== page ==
Even if the Park includes a natural territory of great naturalistic value, it presents very different landscapes, values, and situations. The visitors can therefore carry out interesting naturalistic-historical guided excursions at the discovery of the four main sections into which the protected area is divided, that is: the slope of the Alto Nera and of its "guaite", the slope covered with flowers, the magic slope, and the sacred slope.
The Alto Nera slope and its "Guaite"
Tradition wants that Visso, which houses today the National Park's seat, was founded 907 years before the Roman period, and that from its recognition as a free Town up to the Napoleonic invasion was divided into five districts called "Guaite", among which Castelsantangelo and Ussita. It is a territory rich in castles and look-out towers characterizing still today the structure of numerous villages built by the local population to defend themselves by the Saracen raids. From a naturalistic point of view, the Gole della Valnerina dug by the impetuous river Nera are interesting and can be traveled over by car. Mt. Bove, with its Dolomitic aspect, houses all the vegetable species of high altitudes which are typical of the Sibillini mountains.
It includes the northern area of the Park with the Ragnolo meadows, where during the summer you can admire wonderful orchid and lily blooming, and other interesting species like the Orsini fritillary, the narcissus, and the Alpine aster. In the valley of the Fiastrone, an impressive "Forra" dug by the waters, you can find the "Grotta dei Frati", an ancient and suggestive hermitage of the Claren monks dating back to 1000 AD. By following the river up to the Lake of Fiastra, in which the surrounding summits reflect themselves, you can reach the suggestive valley of the Acquasanta with its beautiful waterfalls, and the Grotta dell'Orso, a place name witnessing the past presence of this species also in the Sibillini mountains.
During the Middle Ages, the Sibillini mountains were known in Europe as
a realm of demons, necromancers, and fairies. Among the many legends,
the most famous deal with the existence of the "Sibilla", the
"illustrious prophetess" living in a cave on the homonymous mountain,
and of Pilato, according to which the dead body of the Roman procurator
was dragged by some buffaloes in the red waters of the "devilish" lake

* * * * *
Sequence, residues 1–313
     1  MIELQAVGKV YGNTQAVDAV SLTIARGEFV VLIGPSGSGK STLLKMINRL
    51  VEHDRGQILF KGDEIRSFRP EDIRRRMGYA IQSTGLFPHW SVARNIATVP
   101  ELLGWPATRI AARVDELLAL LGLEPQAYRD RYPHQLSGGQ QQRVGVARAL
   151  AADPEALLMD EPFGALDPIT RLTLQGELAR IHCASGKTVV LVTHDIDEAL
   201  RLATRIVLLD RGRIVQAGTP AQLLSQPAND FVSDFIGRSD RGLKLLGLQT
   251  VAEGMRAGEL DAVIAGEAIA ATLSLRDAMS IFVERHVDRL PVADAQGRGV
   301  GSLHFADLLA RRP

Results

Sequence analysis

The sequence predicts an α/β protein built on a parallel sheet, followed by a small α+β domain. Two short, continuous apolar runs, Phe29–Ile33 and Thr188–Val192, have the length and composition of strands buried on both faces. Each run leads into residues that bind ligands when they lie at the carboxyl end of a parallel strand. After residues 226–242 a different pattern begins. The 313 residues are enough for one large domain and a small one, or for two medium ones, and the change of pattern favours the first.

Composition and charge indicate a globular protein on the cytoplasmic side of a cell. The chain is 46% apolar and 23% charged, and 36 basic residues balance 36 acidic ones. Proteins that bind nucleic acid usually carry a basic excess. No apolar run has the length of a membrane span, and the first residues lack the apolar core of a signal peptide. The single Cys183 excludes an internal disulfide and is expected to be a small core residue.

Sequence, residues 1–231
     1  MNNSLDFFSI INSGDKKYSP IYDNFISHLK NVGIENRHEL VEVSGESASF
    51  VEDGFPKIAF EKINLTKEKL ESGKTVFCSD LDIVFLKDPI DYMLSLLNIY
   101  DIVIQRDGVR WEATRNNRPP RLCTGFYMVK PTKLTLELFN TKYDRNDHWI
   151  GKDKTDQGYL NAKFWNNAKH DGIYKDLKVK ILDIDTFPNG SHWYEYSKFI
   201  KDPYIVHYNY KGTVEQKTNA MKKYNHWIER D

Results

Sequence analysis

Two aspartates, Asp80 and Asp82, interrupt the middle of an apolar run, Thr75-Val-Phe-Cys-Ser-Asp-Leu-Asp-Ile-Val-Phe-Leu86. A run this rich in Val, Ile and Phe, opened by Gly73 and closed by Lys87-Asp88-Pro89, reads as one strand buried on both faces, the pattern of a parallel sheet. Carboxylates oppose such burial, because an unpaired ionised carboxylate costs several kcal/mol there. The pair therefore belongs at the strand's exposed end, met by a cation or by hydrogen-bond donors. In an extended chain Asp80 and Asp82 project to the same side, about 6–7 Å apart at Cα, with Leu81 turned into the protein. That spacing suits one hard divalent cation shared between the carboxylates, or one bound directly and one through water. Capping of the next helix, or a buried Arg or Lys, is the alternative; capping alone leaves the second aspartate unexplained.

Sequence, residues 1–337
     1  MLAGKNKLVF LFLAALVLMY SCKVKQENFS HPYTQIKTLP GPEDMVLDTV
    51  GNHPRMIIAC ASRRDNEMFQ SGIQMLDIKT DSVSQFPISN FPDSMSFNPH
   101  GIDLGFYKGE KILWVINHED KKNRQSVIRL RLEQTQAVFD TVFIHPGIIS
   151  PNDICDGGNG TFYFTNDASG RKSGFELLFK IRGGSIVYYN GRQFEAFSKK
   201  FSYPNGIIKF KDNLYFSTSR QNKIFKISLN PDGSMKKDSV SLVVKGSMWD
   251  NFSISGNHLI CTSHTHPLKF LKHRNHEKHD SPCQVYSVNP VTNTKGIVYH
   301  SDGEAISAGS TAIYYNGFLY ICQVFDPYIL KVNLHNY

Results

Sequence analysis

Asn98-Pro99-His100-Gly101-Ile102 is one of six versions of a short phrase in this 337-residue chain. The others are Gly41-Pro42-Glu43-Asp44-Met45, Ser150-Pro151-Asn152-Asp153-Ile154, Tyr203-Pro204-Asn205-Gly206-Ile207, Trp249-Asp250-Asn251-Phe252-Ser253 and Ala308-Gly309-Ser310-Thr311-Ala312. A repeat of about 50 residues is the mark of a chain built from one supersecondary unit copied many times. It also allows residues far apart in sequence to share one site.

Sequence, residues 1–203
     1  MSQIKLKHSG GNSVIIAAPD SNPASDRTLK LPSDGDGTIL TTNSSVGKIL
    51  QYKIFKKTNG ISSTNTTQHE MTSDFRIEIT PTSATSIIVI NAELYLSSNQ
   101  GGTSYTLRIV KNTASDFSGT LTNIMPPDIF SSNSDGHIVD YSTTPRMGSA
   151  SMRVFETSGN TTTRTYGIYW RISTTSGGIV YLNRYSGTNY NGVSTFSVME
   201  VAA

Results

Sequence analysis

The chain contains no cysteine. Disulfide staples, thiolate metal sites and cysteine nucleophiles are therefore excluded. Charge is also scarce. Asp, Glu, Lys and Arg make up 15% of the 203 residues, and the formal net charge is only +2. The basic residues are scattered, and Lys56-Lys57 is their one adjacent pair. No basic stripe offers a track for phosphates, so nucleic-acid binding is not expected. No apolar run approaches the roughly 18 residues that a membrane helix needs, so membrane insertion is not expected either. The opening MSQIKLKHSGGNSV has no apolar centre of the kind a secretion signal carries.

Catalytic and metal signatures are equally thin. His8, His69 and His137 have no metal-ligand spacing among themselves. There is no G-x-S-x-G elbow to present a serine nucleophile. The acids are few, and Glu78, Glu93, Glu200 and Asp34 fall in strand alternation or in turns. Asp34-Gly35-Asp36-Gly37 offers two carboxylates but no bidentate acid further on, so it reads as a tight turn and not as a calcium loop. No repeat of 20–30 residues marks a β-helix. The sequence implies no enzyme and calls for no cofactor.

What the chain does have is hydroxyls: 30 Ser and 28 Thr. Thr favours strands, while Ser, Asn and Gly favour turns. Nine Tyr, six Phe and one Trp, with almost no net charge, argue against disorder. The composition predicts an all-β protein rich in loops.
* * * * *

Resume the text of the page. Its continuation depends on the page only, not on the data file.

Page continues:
in the high valley going through the massif of Mt. Vettore.
Not very far from there, you find the Gola dell'Infernaccio, where the memories of old wizard rituals and the suggestive examples of the erosion activity of the river Tenna on the limestone of the area are still alive. You can find wonderful high trunk beech tree woods, with some rare species like the edelweiss and the gentian. It is also possible to see the wolf, the goshawk, and the golden eagle.
Norcia is the heart of this important section of the Park and the home of the patron of Europe, St. Benedetto. The town is famous for its charming historical center, the square with the church dedicated to the Saint (14th-18th centuries), the Dome (18th century), and other interesting historical buildings. Many excursions leave from here, like the one leading to the water meadows (the so-called "marcite") in Piani di Castelluccio, the original irrigation system existing since the time of the Benedictine Monks. The meadows are made up of two wide original karst plains in the middle of which lies the town of Castelluccio. There is also the one leading to the Abbey of St. Eutizio (18), founded at the end of the 5th century, which became famous thanks to the monks' ability to heal with precious and medicinal herbs gathered on the Sibillini mountains.
The origin of some of the settlements in the Park depends on the role played since prehistorical times by the people who passed through these places because of work (transhumance), religion (pilgrimages), and power (wars). There are several evidences of the populations who inhabited this territory even before the foundation of Rome and who left the precious signs of their culture. However, the most evident mark is the medieval one, as the urbanistic structure of most Towns of the Park witnesses.
Compact, sober, and isolated, many settlements organized in that period within fortified walls with towers and entrances situated around the most important buildings of the town, like the church, the noble palace, and the square. The people living in isolated areas used to build real "fortress houses": as a matter of fact, there are several examples of house-towers, nuclei surrounded with walls, and villas.
(the following links lead to Italian texts)
An interesting key to reconstruct the history of the people who inhabited the area in the past is given by the widespread presence of religious buildings in the Park.
This extremely charming territory has always been an ideal place both for religious communities who created here important centers of ascetic life like abbeys and monasteries, and for the hermits who found on the high summits or in the ravines isolation for their meditation and the mountains for company.
Moreover, several small centers have been places of spirituality and at the same time essential points from where traditions, religion, arts and professions widespread. A representative example is the Abbey of Sant'Eutizio, in Preci, where the Surgical School developed and spread throughout Europe from the 16th century.
From the many Romanesque churches to the imposing Sanctuary of Macereto, to the Basilica di San Benedetto, build on the rests of the house where the Saint was born, in the territory of the Park you can discover an extraordinary cultural heritage which gives the possibility to revive history and to retrace the thick net of paths along which Saints, monks, and humble pilgrims went through.
(the following links lead to Italian texts)